06-24-2004, 01:48 PM

Since you were kind enough to show your beautiful organic turf, I think it is only fair that I post a Picture of turf grown with out the benefit of synthetic fertilizer.

Please note this turf also has the benefit of no chemical pest control. Pictured here is me practicing true IPM pest management by culture practices.


06-24-2004, 04:41 PM
Ride em cowboy!!!! :)

Geez , glad we dont have any of those guys around here, they would be leaping out of the ponds at the golf course , grabbing me by the legs and taking me away...weed whacker and all...
sometimes my weedwhacker distintegrates a few frogs...i dont want their big brother the alligator to get revenge.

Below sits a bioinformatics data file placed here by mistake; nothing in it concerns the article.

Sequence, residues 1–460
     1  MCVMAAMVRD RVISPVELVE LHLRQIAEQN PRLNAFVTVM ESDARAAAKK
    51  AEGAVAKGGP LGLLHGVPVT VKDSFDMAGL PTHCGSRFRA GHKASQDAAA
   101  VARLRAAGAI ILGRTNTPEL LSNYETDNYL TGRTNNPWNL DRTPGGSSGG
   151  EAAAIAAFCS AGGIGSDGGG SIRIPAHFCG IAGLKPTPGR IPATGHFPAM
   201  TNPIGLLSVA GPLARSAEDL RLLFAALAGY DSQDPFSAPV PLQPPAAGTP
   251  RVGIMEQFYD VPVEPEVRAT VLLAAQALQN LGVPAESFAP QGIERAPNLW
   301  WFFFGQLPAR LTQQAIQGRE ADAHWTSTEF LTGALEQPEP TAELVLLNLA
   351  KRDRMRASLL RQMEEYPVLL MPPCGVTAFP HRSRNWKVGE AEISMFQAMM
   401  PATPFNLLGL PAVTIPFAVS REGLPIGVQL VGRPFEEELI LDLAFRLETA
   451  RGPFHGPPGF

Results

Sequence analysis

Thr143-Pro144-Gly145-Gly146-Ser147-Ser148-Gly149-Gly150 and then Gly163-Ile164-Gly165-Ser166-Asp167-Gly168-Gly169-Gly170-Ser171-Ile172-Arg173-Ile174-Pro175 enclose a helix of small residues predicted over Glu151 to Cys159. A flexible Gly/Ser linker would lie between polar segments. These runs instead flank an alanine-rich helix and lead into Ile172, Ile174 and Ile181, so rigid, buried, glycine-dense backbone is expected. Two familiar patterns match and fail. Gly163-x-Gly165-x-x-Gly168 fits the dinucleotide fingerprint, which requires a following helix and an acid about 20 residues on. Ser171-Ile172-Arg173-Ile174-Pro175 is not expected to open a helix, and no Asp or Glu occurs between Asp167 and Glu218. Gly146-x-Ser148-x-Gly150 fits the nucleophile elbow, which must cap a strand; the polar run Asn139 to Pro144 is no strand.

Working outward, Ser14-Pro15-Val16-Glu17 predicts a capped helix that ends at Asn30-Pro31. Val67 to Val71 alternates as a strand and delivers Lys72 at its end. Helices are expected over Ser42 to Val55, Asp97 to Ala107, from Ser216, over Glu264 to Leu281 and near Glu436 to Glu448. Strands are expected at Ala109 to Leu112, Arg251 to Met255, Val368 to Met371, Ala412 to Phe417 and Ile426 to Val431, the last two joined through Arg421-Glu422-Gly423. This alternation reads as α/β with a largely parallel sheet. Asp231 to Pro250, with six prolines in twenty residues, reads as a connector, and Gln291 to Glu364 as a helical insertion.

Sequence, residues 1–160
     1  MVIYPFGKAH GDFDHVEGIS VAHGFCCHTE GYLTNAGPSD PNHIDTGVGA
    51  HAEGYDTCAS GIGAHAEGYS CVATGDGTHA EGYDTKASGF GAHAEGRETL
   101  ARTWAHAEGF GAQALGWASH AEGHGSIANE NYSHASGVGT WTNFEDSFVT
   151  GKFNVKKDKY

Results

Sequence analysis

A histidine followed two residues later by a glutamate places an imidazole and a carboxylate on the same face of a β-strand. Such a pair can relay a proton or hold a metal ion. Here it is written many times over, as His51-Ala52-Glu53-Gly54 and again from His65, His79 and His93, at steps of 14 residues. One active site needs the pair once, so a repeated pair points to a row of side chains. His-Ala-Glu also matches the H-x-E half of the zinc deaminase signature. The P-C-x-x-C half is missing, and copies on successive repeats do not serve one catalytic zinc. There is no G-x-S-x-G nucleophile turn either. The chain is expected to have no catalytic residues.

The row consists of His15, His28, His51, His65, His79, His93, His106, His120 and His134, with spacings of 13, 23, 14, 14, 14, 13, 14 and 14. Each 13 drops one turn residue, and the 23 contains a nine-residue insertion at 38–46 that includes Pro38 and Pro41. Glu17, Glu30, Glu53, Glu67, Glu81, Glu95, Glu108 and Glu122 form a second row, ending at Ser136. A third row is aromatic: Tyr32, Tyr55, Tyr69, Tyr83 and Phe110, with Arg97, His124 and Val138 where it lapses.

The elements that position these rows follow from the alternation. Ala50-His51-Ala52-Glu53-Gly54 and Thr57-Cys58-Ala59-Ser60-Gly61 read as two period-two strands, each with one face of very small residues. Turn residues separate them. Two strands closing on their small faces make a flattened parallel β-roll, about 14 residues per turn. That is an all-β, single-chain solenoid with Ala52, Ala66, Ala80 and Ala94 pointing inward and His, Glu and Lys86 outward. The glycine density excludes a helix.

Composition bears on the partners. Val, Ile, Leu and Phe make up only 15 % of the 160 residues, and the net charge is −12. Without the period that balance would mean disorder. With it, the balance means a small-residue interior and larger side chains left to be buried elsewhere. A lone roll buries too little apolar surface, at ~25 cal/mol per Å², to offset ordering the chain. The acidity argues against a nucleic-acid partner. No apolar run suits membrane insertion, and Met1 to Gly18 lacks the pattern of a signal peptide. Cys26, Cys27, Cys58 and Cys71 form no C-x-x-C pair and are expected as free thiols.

seems to a few bare spot on the turf there, Ric, you should throw some corn on it.....

nice picture!!
you ever been whipped by one of those tails?

06-24-2004, 09:10 PM

As much as I hate to admit it that is my very first customers yard. They are also personnel friends. Now I don't think fertilizer has ever been applied to that land. It is about 5 acres and only the area around the house is maintained to any level. We Bush Hog it about 18 times a year.

This guy is perfect eating size. However the permit was for relocation so he was sold to a Gator Farm. At this size they can still be very dangerous if you don't know what you are doing. But with the right technique they can be no problem. Please note the long ring pole holding him off while I am getting ready to tape his mouth. The tail is also very dangerous until you tie their legs. even then they can slam you very hard.

06-24-2004, 09:23 PM
Very cool!:cool: